Although Bitcoin isn’t “mainstream” yet—far from it—the tide appears to be slowly turning. Even if you’re not using this virtual currency or others like it for yourself or your business, it may have touched your life in one way or another.
Alert: Certain tax issues still have to be resolved. The IRS issued an important Notice back in 2014, but has been mostly silent on the subject since then. (IRS Notice 2014-21, 3/25/14) More recently, the IRS served a summons against Coinbase, seeking details about customers who traded digital currency from 2013 through 2015.
In the 2014 Notice, the IRS said that paying for goods or services in Bitcoin or some other virtual currency could result in a capital gains or loss.
Here’s the whole story: Virtual currency is a digital representation of value that functions as a medium of exchange, a unit of account and/or a store of value. However, it does not have legal tender status in any jurisdiction.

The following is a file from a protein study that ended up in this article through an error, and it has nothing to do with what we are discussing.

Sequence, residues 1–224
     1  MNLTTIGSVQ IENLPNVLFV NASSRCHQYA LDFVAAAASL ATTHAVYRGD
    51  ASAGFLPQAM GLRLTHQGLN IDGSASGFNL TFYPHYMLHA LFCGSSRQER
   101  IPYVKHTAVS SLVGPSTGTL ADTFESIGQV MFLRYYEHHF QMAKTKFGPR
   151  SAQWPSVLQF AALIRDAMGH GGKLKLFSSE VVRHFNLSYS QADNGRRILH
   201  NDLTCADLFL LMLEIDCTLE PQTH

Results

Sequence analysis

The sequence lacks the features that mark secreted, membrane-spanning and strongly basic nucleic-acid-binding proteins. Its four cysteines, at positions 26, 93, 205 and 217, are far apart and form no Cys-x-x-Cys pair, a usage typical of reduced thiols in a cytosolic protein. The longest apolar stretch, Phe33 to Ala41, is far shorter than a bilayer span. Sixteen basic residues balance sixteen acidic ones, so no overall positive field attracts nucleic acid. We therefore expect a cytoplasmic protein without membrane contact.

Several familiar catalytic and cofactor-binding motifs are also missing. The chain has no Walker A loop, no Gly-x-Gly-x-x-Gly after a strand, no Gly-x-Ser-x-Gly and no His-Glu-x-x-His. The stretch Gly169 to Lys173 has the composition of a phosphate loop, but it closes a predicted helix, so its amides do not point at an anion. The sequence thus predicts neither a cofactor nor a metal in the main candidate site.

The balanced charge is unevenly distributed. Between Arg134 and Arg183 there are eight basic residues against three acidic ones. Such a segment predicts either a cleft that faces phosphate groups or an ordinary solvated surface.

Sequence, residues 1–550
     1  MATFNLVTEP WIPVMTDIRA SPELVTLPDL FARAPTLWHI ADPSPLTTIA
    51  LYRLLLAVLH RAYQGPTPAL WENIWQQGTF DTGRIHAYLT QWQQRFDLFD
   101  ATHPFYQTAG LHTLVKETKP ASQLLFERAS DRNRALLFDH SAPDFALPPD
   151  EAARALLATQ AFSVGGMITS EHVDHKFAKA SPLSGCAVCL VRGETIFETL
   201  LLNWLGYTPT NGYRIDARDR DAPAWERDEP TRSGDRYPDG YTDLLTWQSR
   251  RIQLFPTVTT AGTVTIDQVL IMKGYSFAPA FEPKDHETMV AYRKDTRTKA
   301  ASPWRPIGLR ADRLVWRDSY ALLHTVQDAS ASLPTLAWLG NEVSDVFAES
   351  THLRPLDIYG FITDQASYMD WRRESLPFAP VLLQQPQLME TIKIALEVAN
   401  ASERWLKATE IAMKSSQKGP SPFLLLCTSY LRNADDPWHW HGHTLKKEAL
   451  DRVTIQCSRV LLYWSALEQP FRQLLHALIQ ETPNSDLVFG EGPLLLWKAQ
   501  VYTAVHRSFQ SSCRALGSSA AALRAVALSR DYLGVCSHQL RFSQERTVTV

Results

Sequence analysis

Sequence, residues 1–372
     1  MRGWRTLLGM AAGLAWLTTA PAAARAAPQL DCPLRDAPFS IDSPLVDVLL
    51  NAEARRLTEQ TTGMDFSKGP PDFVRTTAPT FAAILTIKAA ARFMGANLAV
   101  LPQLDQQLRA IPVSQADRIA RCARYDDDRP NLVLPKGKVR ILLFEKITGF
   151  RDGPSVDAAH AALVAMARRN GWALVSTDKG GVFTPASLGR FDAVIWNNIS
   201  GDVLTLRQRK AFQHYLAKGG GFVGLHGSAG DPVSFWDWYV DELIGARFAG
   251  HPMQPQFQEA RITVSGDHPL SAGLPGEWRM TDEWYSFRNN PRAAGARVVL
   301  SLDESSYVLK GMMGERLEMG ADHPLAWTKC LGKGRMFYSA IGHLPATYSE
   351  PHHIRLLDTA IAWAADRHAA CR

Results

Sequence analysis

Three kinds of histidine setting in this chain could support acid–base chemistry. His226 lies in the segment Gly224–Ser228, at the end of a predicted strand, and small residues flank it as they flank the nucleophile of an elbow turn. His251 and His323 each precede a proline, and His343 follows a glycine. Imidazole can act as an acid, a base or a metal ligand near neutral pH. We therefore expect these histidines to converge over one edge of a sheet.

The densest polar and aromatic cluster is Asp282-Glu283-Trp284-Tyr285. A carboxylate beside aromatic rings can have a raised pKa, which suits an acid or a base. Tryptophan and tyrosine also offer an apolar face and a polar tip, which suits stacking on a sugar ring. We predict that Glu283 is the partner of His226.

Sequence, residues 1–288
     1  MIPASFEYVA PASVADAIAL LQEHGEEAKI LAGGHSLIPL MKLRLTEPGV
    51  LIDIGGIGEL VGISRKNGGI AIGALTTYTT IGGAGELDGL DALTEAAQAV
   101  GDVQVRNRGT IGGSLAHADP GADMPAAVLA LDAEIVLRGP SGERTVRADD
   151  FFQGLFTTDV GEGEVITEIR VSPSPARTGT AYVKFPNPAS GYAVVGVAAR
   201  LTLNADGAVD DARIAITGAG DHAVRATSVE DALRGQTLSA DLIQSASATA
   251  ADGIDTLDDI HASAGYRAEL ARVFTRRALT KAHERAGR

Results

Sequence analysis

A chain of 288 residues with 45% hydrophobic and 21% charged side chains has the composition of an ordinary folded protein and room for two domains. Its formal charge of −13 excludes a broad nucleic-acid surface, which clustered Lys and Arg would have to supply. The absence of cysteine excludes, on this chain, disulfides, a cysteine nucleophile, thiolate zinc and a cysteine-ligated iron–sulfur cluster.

Under the new ruling, virtual currency is treated as property for federal tax purposes. The same general tax principles that apply to property transactions also apply to transactions using virtual currency. Among other things, this means that:
- Wages paid to employees using virtual currency are taxable to the employee, must be reported by an employer on a Form W-2 and are subject to federal income tax withholding and .
- Payments using virtual currency made to independent contractors and other service providers are taxable and self-employment tax rules generally apply. Normally, payers must issue Form 1099.
- The character of gain or loss from the sale or exchange of virtual currency depends on whether the virtual currency is a capital asset in the hands of the taxpayer.
- A payment made using virtual currency is subject to information reporting to the same extent as any other payment made in property.
The IRS has provided additional details in a set of 16 questions and answers that can be found at www.irs.gov/irb/2014-16_IRB/ar12.html.
Some tax experts, as well as taxpayers, are still puzzled by the concepts. It would seem that someone who orders a $10 pizza with Bitcoin he or she acquired for $8 would have to report a $2 gain, while the restaurant must report $10 of taxable income.
Tip: Stay tuned for updates.
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